The Golden Chain
This entry is based on information supplied by Dr Joan Darcy.
Place: St Paul's School (Derby) (Derby, Derbyshire, England)
Number of performances: 3
13, 14 and 15 April 1950
Evenings, at 7.30pm
Name of pageant master and other named staff
Producer [Pageant Master]: Pamplin, Mrs E. M.
Names of executive committee or equivalent
Names of script-writer(s) and other credited author(s)
Pamplin, Mrs E. M.
Names of composers
Numbers of performers70
The cast comprised members of an amateur theatrical group, the Derwent Players; and members of St Paul's Church, St Paul's School and Mansfield Street Methodist chapel.
Object of any funds raised
Centenary of St Paul's Church and opening of St Paul's School.
- Grandstand: Not Known
- Grandstand capacity: n/a
- Total audience: n/a
There are no audience figures, but it appears that the pageant was very popular (see summary).
Prices of admission and seats: highest–lowest
The New Church of St Paul's
Footsteps of the Great
The Sacrament of Light
Triumph of the Century
Saints and Martyrs
The Babe of Bethlehem
Key historical figures mentioned
Choir of St Mark's Church, directed by Mr Clifford Burton.
Newspaper coverage of pageant
Derby Evening Telegraph
(There is a photo of the cast on 21 April 1950)
Derby Daily Telegraph
Book of words
Other primary published materials
References in secondary literature
Archival holdings connected to pageant
Sources used in preparation of pageant
Derby was no stranger to historical pageants in the early post-war years: pageants had been staged there in 1946, 1948 and 1949. In 1950 'The Golden Chain' was performed in St Paul's School hall to mark the centenary of St Paul's Church, Mansfield Road, Chester Green; it also celebrated the opening of the new school. Performed by around 70 adults and children over three nights, it was written and produced by Mrs E. M. Pamplin, a writer of plays and pageants who was also producer of 'The Derwent Players', a local Dramatic Society. The script was organised chronologically, with tableaux based on local and national events and the history of the church from its foundation in 1850. The title and theme of 'The Golden Chain' were explained by the character Time:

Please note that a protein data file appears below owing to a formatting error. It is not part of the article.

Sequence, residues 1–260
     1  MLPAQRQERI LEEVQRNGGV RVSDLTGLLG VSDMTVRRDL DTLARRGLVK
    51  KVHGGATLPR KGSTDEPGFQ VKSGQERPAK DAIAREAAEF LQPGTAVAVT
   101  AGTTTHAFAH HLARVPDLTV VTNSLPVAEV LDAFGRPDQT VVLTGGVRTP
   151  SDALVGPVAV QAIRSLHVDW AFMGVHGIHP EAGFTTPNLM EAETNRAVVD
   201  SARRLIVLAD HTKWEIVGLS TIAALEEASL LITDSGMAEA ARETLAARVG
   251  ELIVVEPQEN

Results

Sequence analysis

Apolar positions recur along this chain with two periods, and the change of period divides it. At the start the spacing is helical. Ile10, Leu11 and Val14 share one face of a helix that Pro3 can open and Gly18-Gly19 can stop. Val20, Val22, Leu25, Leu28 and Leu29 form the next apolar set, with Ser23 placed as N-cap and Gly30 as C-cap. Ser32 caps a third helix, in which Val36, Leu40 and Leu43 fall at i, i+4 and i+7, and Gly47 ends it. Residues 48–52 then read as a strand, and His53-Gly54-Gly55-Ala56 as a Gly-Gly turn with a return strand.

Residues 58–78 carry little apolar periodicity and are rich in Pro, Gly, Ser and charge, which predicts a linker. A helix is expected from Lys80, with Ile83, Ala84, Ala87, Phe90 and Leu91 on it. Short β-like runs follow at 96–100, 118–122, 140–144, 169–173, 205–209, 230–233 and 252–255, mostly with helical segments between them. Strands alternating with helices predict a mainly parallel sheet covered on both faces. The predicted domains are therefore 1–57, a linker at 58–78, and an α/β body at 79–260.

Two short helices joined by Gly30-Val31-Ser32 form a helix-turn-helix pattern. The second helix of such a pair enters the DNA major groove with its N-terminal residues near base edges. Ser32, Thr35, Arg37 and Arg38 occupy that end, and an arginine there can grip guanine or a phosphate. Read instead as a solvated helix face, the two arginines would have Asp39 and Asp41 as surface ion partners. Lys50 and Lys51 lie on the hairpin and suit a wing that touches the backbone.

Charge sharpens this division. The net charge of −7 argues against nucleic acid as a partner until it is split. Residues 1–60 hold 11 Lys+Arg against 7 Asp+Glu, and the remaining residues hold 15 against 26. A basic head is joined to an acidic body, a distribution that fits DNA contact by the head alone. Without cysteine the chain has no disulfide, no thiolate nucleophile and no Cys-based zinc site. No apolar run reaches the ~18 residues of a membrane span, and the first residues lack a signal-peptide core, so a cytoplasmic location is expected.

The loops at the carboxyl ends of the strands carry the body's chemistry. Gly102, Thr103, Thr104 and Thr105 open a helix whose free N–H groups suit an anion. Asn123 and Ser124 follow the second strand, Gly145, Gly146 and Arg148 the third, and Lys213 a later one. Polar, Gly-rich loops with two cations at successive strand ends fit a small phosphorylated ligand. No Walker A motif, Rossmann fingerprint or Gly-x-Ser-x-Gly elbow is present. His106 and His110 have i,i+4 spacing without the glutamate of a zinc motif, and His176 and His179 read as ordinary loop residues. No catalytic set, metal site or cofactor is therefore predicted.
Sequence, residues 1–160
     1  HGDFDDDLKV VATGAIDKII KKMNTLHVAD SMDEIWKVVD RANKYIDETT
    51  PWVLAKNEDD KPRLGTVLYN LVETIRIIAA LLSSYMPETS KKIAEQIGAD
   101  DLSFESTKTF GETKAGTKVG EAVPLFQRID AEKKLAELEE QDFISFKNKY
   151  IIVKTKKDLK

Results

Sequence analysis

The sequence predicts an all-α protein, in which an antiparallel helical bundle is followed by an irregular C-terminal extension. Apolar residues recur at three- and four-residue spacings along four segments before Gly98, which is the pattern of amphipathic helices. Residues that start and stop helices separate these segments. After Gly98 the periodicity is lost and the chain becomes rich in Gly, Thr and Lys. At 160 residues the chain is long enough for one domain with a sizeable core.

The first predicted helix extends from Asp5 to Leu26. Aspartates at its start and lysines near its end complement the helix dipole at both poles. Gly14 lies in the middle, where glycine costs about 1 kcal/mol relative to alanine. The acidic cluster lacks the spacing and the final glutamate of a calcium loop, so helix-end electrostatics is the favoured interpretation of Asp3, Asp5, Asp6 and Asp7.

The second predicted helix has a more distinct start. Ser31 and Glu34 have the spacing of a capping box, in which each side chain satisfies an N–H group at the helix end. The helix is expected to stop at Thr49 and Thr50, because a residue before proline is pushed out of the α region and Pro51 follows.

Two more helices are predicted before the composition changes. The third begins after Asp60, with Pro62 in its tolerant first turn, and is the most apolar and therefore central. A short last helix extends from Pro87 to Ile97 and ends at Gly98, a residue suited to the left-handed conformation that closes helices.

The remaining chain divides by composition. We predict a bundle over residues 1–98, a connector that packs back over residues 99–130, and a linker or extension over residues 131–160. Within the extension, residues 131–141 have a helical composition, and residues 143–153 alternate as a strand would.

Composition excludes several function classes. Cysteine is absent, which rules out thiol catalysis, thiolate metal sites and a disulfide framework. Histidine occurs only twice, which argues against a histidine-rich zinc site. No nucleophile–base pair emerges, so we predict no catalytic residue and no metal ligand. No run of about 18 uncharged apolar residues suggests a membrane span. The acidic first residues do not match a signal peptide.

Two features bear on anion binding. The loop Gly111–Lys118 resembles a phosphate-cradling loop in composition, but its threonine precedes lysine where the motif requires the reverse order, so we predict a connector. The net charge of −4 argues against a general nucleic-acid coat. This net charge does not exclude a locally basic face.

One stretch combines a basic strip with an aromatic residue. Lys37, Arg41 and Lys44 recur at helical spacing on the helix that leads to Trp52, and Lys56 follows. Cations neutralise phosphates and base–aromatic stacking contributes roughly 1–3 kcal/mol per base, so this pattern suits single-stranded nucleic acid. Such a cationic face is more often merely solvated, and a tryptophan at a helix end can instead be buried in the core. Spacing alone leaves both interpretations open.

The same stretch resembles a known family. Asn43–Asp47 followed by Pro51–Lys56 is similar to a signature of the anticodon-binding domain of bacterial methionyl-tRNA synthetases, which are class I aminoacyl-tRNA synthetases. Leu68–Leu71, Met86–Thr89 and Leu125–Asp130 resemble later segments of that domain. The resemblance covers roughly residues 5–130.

This is the hour when we who gather here
Shall rally forth in brief array
Those valiant souls, who, as the years have fled,
Have forged for us a living mighty chain,
Each link a link of gold, each golden link bound fast within its fellow,
The whole strong chain linking the past with present.
It is said that the pageant was so popular that people queued and latecomers were turned away.
St Paul's Parish newsletter for May 1950 carried further information about the pageant, noting the success of the event, which had been 'presented before crowded audiences' during its three-night run: some people, indeed, had to be turned away. Those who did manage to obtain a seat, the newsletter reported
could not fail to have been impressed by the spirit in which the Pageant was staged. It was not merely a team spirit, it was the spirit of true Christian Fellowship. Ask anyone who took part! Grouses and grumbles there were, but they only served finally to make the group like one big happy family. Included in the family, we welcomed one, whom we may claim as a son of St. Paul’s, Mr. Clifford Burton, who 'came with rejoicing bringing his sheaves with him'!
One particularly admired feature of the pageant seems to have been a model of St Paul's Church, made by Mr Evan Wells. Scripts of the Pageant were sold after the performance, as were Centenary Souvenirs. It seems also that two photographs of the pageant (one of the final Tableau, and one of the Tiplady Sisters), taken by the Derby Evening Telegraph, were also made available for purchase. It was, all in all, a highly successful pageant - and indeed stands as evidence of the popularity of parish-level pageantry, with a strong Christian message, deep into the twentieth century.
How to cite this entry
Angela Bartie, Linda Fleming, Mark Freeman, Tom Hulme, Alex Hutton, Paul Readman, ‘The Golden Chain’, The Redress of the Past, http://www.historicalpageants.ac.uk/pageants/1556/